1242 Rudhall
11 -2238
-2231
-1201
-1193
-869 -392 196 - 687 1233 Rudhall
12 -2137 -1183 -853 - 0 - 675 1224 Rudhall

(The figures in this table are all given in cents. For all partials except the nominal, the partials are given from the nominals of the bell. Cents of the nominals are relative to the tenor. An extra column has been added showing the nominal tuning of the front ten. Pairs of values indicate a doublet. Frequencies for the quint are often not given, especially if inaudible.)

The description below divides conveniently into two parts. First, I cover the orginal Rudhall ten. On a second page, there is a description of the new Whitechapel bells and how they have been fitted into the peal, together with recordings of all the bells.

Intensity plots - back ten

Here are various spectral plots for the tenor, and the treble of the original ten:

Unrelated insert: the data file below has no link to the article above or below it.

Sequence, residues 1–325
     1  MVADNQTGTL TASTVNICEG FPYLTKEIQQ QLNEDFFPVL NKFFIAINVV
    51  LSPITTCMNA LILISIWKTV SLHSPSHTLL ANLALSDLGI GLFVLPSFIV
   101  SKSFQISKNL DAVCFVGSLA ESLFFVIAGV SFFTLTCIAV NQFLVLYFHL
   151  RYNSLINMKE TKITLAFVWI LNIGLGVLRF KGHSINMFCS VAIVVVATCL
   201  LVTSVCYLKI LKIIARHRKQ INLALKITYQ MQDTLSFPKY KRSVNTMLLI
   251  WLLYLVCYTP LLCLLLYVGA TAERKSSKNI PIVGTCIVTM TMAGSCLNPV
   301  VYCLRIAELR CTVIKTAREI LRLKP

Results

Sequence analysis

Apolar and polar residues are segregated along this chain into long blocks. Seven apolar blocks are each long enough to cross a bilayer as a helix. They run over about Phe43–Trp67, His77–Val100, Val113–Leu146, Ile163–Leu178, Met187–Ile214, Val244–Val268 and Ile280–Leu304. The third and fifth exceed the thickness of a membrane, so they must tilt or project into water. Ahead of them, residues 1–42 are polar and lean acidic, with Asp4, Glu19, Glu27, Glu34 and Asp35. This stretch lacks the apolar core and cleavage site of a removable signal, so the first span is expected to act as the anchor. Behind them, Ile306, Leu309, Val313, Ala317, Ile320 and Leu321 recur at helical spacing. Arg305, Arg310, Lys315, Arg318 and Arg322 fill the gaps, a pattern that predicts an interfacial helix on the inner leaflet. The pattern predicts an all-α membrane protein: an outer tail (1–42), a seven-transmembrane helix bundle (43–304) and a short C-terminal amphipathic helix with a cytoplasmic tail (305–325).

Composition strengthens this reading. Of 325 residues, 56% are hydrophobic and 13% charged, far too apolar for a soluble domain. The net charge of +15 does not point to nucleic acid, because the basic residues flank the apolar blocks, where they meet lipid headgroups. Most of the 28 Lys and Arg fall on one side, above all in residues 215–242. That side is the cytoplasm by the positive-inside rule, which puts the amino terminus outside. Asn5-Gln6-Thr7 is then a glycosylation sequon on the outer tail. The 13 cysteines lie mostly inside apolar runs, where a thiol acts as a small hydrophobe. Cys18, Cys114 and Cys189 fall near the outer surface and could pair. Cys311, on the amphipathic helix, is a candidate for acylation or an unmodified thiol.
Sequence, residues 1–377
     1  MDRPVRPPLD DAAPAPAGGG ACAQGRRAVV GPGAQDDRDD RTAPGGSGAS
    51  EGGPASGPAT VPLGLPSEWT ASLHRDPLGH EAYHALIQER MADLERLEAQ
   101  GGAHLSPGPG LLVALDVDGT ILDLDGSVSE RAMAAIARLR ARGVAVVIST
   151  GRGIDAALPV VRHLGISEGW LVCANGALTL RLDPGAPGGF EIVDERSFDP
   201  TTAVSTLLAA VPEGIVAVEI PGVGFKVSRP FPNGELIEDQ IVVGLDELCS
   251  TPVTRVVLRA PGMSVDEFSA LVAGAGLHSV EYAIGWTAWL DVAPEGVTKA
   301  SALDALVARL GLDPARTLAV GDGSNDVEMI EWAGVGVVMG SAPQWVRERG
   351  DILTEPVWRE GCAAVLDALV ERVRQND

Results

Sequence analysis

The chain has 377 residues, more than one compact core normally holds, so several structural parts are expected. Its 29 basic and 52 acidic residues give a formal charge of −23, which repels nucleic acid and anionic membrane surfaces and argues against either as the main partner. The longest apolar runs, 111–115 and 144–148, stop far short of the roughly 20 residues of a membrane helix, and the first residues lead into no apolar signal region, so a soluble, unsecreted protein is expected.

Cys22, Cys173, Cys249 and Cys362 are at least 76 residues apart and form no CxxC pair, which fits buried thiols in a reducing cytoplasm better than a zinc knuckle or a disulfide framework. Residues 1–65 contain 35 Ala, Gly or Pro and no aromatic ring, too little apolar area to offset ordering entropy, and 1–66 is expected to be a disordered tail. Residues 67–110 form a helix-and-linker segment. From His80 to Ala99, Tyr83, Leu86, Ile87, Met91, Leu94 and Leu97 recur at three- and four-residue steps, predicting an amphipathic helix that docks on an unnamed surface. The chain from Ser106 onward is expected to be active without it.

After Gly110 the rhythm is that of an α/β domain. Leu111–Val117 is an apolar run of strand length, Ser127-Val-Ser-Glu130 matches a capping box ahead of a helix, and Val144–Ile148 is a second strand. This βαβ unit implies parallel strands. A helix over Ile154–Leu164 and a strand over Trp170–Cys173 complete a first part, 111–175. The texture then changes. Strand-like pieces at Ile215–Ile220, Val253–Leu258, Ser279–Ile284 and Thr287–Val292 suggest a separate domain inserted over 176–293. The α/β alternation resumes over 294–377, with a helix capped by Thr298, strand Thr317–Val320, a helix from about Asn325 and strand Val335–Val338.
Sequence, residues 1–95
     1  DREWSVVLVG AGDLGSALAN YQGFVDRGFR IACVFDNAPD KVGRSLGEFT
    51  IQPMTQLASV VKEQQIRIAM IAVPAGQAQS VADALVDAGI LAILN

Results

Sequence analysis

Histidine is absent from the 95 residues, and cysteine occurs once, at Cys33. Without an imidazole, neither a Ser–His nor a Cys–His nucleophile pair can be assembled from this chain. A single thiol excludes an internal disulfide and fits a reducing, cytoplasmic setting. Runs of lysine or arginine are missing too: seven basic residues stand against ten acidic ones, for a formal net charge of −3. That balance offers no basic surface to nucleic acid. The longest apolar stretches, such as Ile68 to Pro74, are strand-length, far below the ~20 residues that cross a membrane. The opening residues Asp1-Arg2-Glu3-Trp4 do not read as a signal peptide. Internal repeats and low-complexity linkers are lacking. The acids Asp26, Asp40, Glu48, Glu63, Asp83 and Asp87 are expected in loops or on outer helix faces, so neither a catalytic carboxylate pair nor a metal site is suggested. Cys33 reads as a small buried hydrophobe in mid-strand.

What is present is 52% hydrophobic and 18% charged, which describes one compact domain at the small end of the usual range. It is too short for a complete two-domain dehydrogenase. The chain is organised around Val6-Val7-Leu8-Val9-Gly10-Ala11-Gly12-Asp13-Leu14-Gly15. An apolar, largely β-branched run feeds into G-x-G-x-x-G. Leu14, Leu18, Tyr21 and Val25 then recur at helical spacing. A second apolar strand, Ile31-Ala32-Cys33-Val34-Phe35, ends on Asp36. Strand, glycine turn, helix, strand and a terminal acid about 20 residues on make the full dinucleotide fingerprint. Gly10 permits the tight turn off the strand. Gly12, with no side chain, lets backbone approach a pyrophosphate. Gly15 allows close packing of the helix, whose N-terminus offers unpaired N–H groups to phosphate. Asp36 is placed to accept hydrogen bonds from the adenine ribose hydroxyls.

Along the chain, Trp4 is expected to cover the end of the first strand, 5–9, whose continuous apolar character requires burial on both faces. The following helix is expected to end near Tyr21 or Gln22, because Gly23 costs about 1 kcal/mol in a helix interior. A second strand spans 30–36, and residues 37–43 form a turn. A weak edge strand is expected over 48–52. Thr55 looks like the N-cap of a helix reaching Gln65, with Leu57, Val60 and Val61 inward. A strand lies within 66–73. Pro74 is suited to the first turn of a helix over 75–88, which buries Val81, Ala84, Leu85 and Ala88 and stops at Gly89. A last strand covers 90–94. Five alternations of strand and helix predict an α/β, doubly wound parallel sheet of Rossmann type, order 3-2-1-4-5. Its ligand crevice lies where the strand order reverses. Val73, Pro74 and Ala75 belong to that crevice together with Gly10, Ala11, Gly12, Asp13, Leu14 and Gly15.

Painswick tenor

Painswick third

And here are the back 4:

Painswick back four

Commentary - back ten

First, as usual, the nominals. In these bells, the nominals of these bells are tuned quite closely to equal temperament, but with stretch of about 23 cents per octave. The equal temperament tuning is surprising, as all musical instruments at the time would have been tuned in meantone. The advantage of equal tuning for a bell-founder is that it permits casting for stock, a practice for which Rudhalls were noted. I know of other Rudhall peals of about the same date tuned both equal and meantone.

Mr. Drake in his Bell News letter writes "a musical friend says the interval [between 5th and tenor] was more than a quarter of a tone short". That this is not so is quite clear from the figures above. The 5th is slightly sharp, not flat, but only by 19 cents or less than a fifth of a semitone. It is not clear which partials Mr Drake’s musical friend was listening to, to draw this conclusion. In old-style bells, what is heard in changes (where each bell only sounds for about 250 milliseconds before the next strikes) can be quite different from what is heard listening to a single bell over several seconds.